Apr 22, 2009

Near fatal accident

2004, Amona Bunder, Goa.

It's a high traffic jetty with each weigh bridge weighing close to 1000 trucks per day during peak season. The salt in the moisture laden air corrodes steel real fast. The manganese dust accelerates the corrosion process. Steel structures need lot of maintenance work. Shabir and I with Shashi's gang of welders and fabricators were working on weigh bridge maintenance. The gang - Shashi the leader, Gopala the next-in-line, Bhaktha the expert welder, Nataraja the all-rounder and... I cannot recall few names.

For the day, we had work on two weigh bridges, about 40 meters away. Done with one, we wanted to move the portable generator to the other weigh bridge. The dirt path slopes down and then slopes up. The generator is heavy duty type weighing close to 1500kg, mounted on four heavy duty tires, like the grooved tires tractors have on the front wheels. Bhakta took the steering-end and the rest of us were at the other end. We thought we should pick up speed going down slope to build up momentum so that we need not struggle going up the slope. As we picked speed, Bhakta was in high spirits and running backwards with the steering cum tow lever in his hands. None of noticed the tarpaulin sheet until Bhakta tripped, falling backwards. The genset mowed him down. The immediate thought that came to my mind was that we are going to be in deep trouble.

But what happened was... as the genset mowed him down sending him between the front wheels, under the front axle. I heard his scream.... aaayyyooo ayyayyo ayyyyayyo!!! Within no time the rear axle passed over him and he was stuck with. The remaining of us pulled it back to slow it down and it stopped. Bhakta was still screaming. I could see the mixed feeling of surprise, fear and happiness in his eyes... to see himself alive. He was still under the genset and all of us looking at him in shock. He crawled out pretty fast... as though the genset might start moving again. He was injured on the forehead, one of the shoulders, arms, knees and back but he was moving by himself and talking... that was a big relief.

Few other workers had gathered around us. Before anybody could kick up trouble, I asked Bhakta to get into the Bolero with two more guys and took him out of the factory premises. I picked up few bottles of mineral water, Dettol, cotton rolls and plaster. We drove away towards the hills and stopped at a lonely spot. Asked him to take off his t-shirt and checked him for injuries. The forehead and knee were the bad ones. We cleaned him with water. Then cleaned his wounds with mineral water and Dettol and covered them with cotton and plaster. First Aid done. We took him to a doctor who checked the wounds, gave a anti-tetanus shot and prescribed some pain-killers. He appreciated my first aid skill.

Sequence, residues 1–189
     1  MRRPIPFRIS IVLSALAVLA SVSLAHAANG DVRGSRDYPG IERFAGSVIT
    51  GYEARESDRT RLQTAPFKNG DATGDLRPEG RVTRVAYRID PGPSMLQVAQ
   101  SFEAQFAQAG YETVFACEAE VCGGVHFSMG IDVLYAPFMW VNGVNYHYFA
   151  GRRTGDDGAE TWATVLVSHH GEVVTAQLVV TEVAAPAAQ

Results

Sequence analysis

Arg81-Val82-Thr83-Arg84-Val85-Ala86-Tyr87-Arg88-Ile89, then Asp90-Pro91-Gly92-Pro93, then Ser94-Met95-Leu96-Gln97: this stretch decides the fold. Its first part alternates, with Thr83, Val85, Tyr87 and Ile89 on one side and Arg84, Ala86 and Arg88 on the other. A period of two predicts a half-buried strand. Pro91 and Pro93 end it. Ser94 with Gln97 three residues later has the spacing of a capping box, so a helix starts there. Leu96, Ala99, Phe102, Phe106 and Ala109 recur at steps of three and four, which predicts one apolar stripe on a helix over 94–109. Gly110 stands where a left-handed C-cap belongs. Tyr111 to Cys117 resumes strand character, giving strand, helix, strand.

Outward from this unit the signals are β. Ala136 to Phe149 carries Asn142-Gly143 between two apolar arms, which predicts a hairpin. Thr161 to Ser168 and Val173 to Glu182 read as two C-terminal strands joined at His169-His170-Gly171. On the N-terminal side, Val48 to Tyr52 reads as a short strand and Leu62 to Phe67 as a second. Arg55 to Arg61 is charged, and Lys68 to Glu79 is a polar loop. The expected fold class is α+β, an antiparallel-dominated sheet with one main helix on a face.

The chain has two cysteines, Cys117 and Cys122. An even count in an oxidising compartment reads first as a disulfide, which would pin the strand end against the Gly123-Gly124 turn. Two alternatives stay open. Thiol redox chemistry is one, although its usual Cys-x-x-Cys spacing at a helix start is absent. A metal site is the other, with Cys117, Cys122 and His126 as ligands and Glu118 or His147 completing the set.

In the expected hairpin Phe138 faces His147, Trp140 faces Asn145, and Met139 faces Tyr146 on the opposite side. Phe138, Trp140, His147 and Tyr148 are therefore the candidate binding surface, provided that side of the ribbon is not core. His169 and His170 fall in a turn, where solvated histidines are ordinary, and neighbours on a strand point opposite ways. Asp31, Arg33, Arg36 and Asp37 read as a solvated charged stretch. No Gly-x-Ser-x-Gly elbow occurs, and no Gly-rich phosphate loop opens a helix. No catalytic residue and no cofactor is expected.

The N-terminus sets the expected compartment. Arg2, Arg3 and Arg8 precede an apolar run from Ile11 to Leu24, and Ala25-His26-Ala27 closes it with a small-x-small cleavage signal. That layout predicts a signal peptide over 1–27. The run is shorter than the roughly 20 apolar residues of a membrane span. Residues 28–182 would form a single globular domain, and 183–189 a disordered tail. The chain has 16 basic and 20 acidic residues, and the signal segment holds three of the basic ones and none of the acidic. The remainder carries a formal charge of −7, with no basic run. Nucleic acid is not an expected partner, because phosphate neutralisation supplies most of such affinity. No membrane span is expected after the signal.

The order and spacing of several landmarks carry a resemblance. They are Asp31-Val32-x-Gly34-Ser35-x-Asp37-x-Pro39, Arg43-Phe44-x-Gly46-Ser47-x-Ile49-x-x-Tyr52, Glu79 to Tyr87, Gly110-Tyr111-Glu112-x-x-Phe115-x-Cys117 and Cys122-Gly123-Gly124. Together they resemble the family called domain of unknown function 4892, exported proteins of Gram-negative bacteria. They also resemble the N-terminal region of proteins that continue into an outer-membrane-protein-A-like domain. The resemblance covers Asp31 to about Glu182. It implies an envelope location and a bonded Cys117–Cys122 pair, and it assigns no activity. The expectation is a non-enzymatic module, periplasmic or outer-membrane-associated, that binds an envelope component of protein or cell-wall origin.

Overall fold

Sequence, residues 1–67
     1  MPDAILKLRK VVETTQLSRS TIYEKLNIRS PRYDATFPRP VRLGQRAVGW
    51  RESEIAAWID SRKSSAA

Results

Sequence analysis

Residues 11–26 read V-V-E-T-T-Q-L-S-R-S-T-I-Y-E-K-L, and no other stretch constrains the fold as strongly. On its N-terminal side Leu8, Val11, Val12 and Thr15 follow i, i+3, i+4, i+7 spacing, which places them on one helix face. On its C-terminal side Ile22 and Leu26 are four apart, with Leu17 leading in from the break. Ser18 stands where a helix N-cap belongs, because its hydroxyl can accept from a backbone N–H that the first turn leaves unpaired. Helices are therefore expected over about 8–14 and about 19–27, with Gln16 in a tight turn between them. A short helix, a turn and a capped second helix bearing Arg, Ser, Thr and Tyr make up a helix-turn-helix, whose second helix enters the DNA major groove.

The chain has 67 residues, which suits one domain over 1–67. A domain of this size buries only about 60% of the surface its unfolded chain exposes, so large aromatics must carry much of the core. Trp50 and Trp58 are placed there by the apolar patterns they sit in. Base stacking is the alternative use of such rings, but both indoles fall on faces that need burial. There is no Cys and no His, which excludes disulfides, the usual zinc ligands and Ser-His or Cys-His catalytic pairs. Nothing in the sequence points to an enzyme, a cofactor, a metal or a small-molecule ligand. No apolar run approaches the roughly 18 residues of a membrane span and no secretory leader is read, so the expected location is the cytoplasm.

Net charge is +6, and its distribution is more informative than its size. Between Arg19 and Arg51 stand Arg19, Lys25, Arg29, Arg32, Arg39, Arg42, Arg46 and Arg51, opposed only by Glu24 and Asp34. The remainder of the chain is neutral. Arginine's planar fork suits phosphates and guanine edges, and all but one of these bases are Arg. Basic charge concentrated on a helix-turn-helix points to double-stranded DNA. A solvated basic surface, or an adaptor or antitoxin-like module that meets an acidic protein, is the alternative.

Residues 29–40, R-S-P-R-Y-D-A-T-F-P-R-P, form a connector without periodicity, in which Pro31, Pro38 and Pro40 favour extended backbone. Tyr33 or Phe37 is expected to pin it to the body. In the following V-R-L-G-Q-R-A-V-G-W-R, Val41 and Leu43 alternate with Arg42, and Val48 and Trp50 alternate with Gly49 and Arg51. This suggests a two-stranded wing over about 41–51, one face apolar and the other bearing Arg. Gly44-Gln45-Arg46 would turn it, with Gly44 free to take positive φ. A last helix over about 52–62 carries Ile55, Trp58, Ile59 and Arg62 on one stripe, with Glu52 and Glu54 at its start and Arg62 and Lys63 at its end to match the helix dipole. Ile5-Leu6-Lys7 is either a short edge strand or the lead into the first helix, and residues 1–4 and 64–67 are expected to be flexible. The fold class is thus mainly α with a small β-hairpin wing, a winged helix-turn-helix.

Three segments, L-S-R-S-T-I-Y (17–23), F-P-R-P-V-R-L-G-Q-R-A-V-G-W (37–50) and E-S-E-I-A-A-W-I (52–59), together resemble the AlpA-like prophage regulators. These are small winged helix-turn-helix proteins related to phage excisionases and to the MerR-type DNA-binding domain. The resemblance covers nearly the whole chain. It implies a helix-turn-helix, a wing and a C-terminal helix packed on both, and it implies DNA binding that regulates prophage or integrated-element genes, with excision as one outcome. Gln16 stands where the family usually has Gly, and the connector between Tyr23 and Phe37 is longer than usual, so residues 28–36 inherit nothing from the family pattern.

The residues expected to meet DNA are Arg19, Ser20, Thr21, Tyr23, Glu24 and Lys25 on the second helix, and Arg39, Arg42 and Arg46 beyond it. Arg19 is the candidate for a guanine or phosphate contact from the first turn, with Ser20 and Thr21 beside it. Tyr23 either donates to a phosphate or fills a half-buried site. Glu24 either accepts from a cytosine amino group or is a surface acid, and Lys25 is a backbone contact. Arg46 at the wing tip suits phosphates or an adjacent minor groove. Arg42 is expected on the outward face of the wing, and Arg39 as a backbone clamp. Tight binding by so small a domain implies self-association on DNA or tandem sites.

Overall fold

Bhakta was on rest for a week. I banned him from coming to work place too. Next day we took him to a mines specialist doctor who certified he was out of any danger and prescribed some antibiotics to prevent infection to the wounds.

The moment Bhakta tripped, I thought one of the wheels would run him over. It's just plain luck he went exactly in the middle. Later I was studying the tires and trying to imagine what they could do to a 40kg man. If it ran over the stomach, the man could be cut into two. Let me not imagine anything more.

The mistake we did was taking the genset in forward. We should have taken in the reverse direction. That way nobody would be in the way of the genset. I believed and practiced safe work methods but that day I was not alert. I understood the importance of being alert at all times. Every second counts.


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